• Thu. Jun 13th, 2024

The Dark Politics Behind Small-Town Charm

ByMaria Farsoon

Mar 31, 2023

Small-town settings are often glorified across literature and onscreen. They entice audiences with their array of appealing elements, including the signature small-town closely-knit community. As a teen, I found myself wanting to participate in the eccentrically amusing town events of Gilmore Girls’ ‘Stars Hollow’, like the twenty-four-hour Dance Marathon. Underneath this attractive image, however, sometimes lies a more sinister atmosphere, as exemplified by Shirley Jackson’s The Lottery, a short story whose dark ending shocked and enraged its readers. When I first read this piece, not only was I engrossed in Jackson’s descriptive mastery and horrified by the twist, I could not help but see Amy Sherman-Palladino’s hit 2000s TV show Gilmore Girls as a parallel to Jackson’s piece. Little did I know that my reading of The Lottery would change how I viewed my favourite teen show for periods of rewatching to come. 

Both narratives are set in a town square where all community action is concentrated. Both settings represent the stereotypically small yet charming American towns that outsiders glorify. Jackson opens with the summery “fresh warmth” of the day that automatically – and manipulatively – comforts readers, much like the idyllic and picturesque establishing shots of ‘Stars Hollow’ pull viewers in, embracing us with the light-hearted nostalgia that the show is iconic for evoking. 

We realise that the role of each member of the town embodies a social function necessary to sustain the operation of their leading political ideology. In the same way, Sherman-Palladino’s utopian counterpart consists of different townies, each with a role or speciality that helps things operate smoothly. The most fitting example that ties both narratives together is embodied by the characters upon which all ideological values rest: the town’s political figureheads, Jackson’s Mr Summers and Sherman-Palladino’s Taylor Doose. Both are similar in physicality and tend to mimic one another in personality. Jackson describes Mr Summers, the operator of town events, as “a round-faced and jovial man who people were sorry for because he had no children”, much like Taylor, who is pitied by town members and disliked for his dictatorial behaviour. Both characters’ childlessness creates a void filled by excessive care for socialising and organising their towns as though their members are their children, their social projects. Taylor’s desire for socio-political power is a prominent trait throughout the series, likely stemming from his inability to connect with others during his youth, an issue into which we gain insight when his brother visits once and Taylor’s fears of being bullied rush back. Therefore, when characters such as teen rebel Jess Mariano arrive in town, Taylor is reminded of this threat to conventional social order and reacts with disdain.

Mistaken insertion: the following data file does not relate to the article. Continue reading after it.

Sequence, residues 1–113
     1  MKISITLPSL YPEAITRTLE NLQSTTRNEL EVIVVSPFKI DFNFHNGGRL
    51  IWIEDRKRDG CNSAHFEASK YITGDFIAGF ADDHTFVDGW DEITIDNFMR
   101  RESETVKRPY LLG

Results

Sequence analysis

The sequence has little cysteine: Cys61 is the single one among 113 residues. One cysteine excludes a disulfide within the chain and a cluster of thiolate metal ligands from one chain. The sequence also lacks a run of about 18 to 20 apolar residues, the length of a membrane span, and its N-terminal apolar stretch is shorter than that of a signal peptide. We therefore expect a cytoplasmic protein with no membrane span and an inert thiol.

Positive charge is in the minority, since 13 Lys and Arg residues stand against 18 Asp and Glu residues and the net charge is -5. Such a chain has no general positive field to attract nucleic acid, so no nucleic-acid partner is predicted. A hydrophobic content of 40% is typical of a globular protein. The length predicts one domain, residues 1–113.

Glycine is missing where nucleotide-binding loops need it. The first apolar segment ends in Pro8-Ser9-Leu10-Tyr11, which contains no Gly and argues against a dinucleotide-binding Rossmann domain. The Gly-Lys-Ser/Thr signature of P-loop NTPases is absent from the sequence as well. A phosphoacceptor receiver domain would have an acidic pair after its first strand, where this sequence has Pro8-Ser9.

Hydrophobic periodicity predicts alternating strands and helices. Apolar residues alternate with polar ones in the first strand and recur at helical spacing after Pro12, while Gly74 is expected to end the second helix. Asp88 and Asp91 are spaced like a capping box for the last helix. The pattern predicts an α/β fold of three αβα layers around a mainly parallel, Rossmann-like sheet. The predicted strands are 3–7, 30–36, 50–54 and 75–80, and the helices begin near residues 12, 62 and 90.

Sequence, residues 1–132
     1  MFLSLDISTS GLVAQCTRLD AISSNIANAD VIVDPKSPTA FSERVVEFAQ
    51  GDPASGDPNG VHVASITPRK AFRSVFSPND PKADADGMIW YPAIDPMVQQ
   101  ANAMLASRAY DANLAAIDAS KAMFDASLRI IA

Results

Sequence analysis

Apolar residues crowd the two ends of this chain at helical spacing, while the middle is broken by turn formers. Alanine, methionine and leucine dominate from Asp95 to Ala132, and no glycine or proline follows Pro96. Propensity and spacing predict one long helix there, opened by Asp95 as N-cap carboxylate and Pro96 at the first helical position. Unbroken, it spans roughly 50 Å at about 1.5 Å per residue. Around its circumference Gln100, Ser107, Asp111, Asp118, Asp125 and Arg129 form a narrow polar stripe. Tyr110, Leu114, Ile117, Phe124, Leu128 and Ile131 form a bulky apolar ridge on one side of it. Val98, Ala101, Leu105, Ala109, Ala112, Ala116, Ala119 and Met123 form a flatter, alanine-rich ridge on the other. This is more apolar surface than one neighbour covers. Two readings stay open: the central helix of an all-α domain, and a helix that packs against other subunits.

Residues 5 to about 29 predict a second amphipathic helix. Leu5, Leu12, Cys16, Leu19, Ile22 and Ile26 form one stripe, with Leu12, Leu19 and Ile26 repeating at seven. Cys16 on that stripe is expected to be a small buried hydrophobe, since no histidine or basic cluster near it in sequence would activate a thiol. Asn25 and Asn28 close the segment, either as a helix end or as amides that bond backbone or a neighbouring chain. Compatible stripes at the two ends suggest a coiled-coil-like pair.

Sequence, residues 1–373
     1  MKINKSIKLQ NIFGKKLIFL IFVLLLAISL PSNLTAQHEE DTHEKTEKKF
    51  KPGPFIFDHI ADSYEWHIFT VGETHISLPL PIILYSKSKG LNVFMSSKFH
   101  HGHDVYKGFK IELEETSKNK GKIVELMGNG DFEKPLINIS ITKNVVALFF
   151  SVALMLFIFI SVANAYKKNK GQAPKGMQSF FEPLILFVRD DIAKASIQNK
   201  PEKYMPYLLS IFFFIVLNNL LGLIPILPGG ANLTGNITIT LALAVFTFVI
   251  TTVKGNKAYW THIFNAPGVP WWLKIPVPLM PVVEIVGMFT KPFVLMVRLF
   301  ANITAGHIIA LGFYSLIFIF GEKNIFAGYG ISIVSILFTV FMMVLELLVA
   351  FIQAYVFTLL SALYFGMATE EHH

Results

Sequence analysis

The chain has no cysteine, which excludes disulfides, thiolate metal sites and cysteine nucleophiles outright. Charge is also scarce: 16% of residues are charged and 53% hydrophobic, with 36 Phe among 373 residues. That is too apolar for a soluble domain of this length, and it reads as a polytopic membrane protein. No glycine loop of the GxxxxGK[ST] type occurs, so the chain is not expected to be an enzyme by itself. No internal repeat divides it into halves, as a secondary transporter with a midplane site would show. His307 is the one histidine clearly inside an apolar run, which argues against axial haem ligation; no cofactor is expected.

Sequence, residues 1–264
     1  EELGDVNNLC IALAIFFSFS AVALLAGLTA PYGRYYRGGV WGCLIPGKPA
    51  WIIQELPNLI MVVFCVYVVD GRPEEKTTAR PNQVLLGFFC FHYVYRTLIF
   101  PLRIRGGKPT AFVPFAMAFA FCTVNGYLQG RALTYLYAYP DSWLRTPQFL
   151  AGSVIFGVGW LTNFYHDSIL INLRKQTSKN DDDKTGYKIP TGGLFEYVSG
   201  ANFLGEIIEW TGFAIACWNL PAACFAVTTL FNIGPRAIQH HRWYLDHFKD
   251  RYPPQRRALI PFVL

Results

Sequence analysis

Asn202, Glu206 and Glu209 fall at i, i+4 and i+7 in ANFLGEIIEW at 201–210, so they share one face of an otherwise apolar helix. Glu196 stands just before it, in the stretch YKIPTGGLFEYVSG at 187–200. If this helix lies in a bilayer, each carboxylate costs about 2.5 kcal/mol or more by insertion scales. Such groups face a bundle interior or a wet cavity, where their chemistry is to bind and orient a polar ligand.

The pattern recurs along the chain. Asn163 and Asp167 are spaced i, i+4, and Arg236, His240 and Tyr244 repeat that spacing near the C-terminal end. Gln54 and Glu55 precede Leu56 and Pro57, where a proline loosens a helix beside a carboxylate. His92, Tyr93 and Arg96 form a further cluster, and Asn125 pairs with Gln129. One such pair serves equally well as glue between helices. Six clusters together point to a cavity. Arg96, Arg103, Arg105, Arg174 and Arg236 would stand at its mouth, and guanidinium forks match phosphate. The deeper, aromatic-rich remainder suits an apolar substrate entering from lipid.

Jackson’s Mrs Hutchinson is an allegory to liberal Anne Hutchinson, a preacher of dissent who motivated the Antinomian Controversy. The town’s ultimate mob mentality against Mrs Hutchinson disturbingly hints at the patriarchal dynamics that infiltrate patriotic American towns and annihilate unorthodox women. 

Both town leaders gain mass attention and control their town members through events such as the lottery and Taylor’s weekly town meetings. These leaders closely befriend those who agree with them and alienate those that threaten their ideas. In the case of the Lottery, they push them to the brink of death.

Image “Gilmore Girls Set 2” by Noelle And Mike is licensed under CC BY-NC-ND 2.0.